MILWAUKEE — A Milwaukee Common Council committee on Monday unanimously approved a resolution members hope will stop the state's plan to revamp one of the most heavily traveled freeways in the city.
The state wants to spend $1 billion to revamp I-94 between 16th and 70th streets in Milwaukee. But Alderman Bob Bauman thinks that's a bad idea.
"Basically, it's a transparency issue in my mind," said Bauman during a Milwaukee Judiciary and Legislation committee meeting.
Bauman says the construction isn't needed because drivers aren't out on the road as much as they used to be. He drafted a resolution calling on the federal government to reject the state's request to modernize the interstate. In his resolution opposing the project, Bauman cited statistics from the U.S. Department of Transportation that show American households made fewer commuting trips in 2017 than at any time since 1990. Bauman says the money earmarked for the project can be better used someplace else.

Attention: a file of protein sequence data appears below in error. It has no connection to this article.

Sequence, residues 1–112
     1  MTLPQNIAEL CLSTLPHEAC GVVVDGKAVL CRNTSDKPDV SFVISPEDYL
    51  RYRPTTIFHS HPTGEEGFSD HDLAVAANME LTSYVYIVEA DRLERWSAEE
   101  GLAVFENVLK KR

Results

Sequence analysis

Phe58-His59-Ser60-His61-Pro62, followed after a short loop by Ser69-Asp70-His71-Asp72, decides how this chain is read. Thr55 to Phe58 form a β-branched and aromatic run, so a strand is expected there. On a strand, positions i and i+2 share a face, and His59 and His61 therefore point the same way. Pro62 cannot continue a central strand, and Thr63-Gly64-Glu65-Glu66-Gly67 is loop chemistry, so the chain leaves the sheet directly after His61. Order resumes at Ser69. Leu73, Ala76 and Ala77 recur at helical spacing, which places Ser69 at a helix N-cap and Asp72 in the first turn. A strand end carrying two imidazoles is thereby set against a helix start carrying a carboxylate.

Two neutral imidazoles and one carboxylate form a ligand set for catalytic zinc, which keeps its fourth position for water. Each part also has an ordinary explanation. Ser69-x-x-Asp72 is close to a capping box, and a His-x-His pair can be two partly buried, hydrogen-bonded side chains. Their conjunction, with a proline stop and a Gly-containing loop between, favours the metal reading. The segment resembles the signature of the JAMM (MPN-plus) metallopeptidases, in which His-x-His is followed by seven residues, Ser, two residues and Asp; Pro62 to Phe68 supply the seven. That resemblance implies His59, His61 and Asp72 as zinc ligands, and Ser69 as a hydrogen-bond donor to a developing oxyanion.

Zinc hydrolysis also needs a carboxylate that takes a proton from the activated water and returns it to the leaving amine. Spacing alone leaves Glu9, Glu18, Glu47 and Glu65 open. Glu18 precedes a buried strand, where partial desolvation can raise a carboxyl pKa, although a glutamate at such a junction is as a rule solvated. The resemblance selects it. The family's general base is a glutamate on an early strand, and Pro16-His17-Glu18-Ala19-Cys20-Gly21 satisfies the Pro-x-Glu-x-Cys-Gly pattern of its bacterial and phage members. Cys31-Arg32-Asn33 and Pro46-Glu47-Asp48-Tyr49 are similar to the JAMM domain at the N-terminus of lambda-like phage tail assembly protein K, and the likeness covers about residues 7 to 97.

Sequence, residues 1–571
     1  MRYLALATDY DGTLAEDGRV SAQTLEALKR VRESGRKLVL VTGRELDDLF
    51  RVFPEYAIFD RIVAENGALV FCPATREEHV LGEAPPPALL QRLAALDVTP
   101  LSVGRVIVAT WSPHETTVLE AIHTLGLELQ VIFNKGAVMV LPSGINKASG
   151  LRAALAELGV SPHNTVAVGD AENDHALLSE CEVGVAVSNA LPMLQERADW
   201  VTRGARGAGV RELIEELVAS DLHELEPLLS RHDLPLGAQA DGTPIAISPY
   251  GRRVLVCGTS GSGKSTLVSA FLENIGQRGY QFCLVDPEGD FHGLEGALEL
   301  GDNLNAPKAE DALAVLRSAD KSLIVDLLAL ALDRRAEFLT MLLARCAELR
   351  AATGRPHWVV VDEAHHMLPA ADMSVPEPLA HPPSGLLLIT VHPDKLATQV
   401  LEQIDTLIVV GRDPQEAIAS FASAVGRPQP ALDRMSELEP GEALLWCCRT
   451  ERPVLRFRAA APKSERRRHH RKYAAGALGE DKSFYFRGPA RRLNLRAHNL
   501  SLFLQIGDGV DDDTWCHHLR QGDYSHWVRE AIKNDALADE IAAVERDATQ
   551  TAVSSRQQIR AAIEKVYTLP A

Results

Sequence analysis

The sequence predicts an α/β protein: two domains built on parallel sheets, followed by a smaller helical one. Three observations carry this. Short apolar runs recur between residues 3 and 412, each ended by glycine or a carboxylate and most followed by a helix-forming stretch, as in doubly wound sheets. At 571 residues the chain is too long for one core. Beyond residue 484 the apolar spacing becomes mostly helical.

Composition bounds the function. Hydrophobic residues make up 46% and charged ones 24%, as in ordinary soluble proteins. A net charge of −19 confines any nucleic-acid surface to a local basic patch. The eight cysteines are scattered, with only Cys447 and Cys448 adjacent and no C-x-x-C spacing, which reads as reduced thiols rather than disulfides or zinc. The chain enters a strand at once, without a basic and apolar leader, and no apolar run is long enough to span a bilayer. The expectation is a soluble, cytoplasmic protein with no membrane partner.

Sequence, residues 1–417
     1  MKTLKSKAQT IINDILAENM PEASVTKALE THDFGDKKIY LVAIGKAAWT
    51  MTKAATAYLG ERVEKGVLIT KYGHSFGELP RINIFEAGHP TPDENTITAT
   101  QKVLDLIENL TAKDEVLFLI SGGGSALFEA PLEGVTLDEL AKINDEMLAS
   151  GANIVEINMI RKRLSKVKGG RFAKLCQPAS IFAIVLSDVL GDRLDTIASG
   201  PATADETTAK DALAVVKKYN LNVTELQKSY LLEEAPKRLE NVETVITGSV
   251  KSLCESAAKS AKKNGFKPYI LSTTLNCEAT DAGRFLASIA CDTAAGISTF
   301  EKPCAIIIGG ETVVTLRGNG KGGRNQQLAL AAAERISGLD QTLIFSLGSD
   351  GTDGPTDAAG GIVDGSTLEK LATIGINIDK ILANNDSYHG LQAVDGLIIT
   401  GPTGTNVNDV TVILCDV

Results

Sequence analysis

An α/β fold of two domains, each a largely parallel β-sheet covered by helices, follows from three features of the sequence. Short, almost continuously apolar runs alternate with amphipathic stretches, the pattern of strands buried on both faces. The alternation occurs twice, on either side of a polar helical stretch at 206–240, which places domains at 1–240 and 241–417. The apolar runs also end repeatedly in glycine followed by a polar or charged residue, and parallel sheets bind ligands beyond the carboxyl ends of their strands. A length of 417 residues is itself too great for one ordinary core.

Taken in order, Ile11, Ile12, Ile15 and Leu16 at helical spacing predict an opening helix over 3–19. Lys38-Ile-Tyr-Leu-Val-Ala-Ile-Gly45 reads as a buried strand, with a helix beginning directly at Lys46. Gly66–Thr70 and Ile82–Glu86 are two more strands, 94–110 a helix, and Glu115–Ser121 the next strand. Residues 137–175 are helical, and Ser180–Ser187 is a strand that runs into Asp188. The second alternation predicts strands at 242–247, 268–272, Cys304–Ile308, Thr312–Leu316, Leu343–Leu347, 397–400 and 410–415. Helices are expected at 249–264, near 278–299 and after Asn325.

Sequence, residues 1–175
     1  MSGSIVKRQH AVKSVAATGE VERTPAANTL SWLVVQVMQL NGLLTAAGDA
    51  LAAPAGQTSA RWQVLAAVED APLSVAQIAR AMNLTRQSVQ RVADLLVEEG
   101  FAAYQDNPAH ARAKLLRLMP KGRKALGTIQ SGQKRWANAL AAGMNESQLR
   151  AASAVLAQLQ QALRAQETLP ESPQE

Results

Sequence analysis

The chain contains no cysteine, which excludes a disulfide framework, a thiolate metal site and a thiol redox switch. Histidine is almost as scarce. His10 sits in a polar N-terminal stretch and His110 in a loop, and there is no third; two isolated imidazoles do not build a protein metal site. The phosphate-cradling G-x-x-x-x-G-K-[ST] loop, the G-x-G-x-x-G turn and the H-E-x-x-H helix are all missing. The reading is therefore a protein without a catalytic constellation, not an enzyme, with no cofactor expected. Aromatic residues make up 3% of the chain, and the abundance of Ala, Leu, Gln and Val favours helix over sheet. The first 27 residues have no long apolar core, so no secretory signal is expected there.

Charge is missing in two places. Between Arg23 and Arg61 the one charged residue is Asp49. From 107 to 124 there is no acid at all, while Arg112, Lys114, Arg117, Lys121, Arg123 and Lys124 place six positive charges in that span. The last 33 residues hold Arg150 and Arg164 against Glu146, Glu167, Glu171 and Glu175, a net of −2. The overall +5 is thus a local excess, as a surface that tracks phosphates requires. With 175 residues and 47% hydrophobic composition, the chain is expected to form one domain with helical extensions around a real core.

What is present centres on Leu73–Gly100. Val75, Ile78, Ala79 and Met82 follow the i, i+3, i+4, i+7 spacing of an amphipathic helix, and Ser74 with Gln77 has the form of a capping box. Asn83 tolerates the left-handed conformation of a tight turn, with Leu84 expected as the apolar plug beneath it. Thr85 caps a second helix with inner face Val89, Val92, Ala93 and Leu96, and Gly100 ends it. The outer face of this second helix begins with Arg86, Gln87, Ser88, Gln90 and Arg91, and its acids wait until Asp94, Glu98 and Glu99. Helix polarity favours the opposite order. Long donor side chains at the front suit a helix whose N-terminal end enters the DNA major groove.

"That sum of money could go a long way to repairing the local streets in Milwaukee, to repairing bridges," said Bauman.
But officials with the Wisconsin Department of Transportation say the stretch of I-94 between 16th and 70th street has a crash rate of "two-and-a-half times" higher than similar state highways. They say construction needs to happen sooner rather than later.
"Thousands of workers commute on a daily basis and part of the commitment we have is to make sure that we maintain our infrastructure. The numbers that we are seeing are still high enough to warrant the full reconstruction and the modernization of the structured freeway," said Regional Communication Manager, Michael Pyritz.
Some drivers say they support the interstate's expansion.
"It would help a lot. I think it would help dramatically, it would be a great improvement for the city," said Dan Ielczak.
But others said they'd rather see the money invested elsewhere.
"I have a feeling that there are other areas that could use the money right now, like potholes for instance. Maybe we should be spending some of the money on that infrastructure instead of the freeways again," said Adam Lovejoy.
Monday's unanimous approval advanced the resolution out of committee, it will now go to the full council on Feb 9 for approval.